• Packaging of components was minimised to reduce waste.
  • A bug hotel was created from recycled material and during the hot weather, recyclable water containers were issued to operatives that could be filled at water stations.
  • Following advice from an environmental consultant, the site installed a silt fence to filter run-off from the site and remove sediment and any harmful content of the fill material.
  • Monthly SeeSAFETY meetings were held, attended by both site management and the workforce where the team looked at other sites’ best practice and shared innovations. These meetings also included reviewing the work planned.
  • As a result of the monthly safety meeting, two telehandlers were brought to the main car park so that all operatives and management could be given the opportunity to sit in the driver’s seat and appreciate the restricted visibility the driver has, particularly when the forks are raised and carrying materials. Client management was also given a demonstration the following day.
  • All COSHH (Control of Substances Hazardous to Health) items were allocated a code number which was fixed to all containers; two files of these codes were maintained, one for the COSHH store and one kept with the emergency response equipment. Data sheets were included for each product and instructions on any actions required.
  • Emergency boards displayed directions to the nearest A&E unit, including grab and go envelopes showing the hospital postcode.
  • Site inductions were half a day in duration and included a test paper that must be passed, due to extreme potential hazards in site.
  • A comprehensive emergency plan was compiled which contained a box file in the main office with action plans for a range of potential incidents, including all necessary people to be contacted.
  • Directions to the site were available in several languages to enable foreign drivers to find the site without difficulty.
  • Near misses could be reported anonymously and hazard reporting by operatives outnumbered those reported by management by a ratio of 10 to one.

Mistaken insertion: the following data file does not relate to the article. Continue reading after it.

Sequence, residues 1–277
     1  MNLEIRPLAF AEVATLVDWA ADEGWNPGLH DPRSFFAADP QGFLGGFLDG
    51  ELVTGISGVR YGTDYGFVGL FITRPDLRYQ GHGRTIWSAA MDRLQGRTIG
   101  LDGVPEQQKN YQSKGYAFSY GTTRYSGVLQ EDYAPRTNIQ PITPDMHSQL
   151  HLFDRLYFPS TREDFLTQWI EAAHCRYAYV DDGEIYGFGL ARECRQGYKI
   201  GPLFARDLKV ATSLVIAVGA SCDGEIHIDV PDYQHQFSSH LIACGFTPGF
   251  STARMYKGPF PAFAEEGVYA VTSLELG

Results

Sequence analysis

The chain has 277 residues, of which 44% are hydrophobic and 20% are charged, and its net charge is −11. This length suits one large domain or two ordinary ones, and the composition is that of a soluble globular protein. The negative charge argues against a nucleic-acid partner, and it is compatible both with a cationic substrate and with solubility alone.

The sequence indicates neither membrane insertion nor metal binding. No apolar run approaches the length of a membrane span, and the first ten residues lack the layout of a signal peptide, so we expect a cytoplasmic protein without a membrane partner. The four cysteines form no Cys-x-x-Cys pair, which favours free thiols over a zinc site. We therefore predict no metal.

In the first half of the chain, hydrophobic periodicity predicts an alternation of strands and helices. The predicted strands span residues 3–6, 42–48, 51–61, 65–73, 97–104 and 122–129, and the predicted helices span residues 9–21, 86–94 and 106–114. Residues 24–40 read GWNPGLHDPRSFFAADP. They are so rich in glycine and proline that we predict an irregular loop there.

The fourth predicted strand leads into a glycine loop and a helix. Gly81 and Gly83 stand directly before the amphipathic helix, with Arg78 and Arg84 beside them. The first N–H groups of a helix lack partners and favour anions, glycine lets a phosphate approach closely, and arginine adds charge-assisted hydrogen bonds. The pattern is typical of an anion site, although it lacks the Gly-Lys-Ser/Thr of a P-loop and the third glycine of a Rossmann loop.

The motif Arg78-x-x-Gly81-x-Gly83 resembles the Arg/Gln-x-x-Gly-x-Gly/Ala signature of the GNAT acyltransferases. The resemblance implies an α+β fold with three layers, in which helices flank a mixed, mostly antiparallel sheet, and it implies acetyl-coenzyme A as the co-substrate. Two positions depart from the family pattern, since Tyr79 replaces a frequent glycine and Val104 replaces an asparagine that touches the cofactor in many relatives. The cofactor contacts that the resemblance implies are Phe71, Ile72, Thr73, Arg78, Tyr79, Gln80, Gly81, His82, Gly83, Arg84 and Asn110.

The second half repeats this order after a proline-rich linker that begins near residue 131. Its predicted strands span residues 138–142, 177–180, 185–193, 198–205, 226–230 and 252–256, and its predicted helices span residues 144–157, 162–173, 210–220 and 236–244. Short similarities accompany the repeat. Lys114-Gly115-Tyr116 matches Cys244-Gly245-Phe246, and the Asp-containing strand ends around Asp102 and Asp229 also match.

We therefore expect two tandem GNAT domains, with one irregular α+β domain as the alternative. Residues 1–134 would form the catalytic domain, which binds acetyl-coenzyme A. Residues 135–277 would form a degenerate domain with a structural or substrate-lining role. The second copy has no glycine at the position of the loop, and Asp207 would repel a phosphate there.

• Copies of recent safety messages were posted in the mess rooms for operatives to read and were shown on a television at the signing in point.
  • All site operatives had ICE tags and safety packs were provided for each item of plant including test certificates and driver competencies.
  • Checks for drugs and alcohol were carried out every two years (that must be passed). Random spot checks were also made to ensure that the highest standards of safety were maintained on this site.
  • One of the hardest challenges with the workforce was breaking down the barriers between different work disciplines. The Daily Activity Brief (DAB) was a mandatory daily meeting involving all personnel on site, conducted by the site management team at the start of every working shift. DABs help to formulate the team spirit, encouraging interdepartmental communication; it is a platform for presenting safety briefings and to get feedback from the attendees. At Bramford the team always end the DAB with these questions: “What are today’s most significant hazards on site?” and “Any issues from the site team?” which always get good feedback from the attendees. The team has worked hard to create a positive culture at Bramford where everyone looks out for one another and is confident to put forward their ideas.
  • An occupational nurse visits the site every six months to conduct health checks and give advice on health matters. One check advises those who take part of their predicted age, based on their health condition, which created some lifestyle changes.
  • ID tags on helmets contain contact, medical and medication details which were also listed on the induction sheet and available in an emergency.
  • Site facilities included a diabetic help station and a stretcher for casualties in remote areas.
  • The small meeting room or the outside ‘garden of tranquility’ may be used for prayer or meditation.
  • An onsite washing machine is available for overalls and all facilities were cleaned daily to a very high standard.
  • Feedback was encouraged, with quarterly prizes of shopping vouchers given for innovations and new ideas.
  • The site issued a daily newsletter to all operatives giving up to date information in a light-hearted format which was prepared by the site manager and has now reached its 1000th issue.
  • A training hut was set up for electrical students to be given onsite training.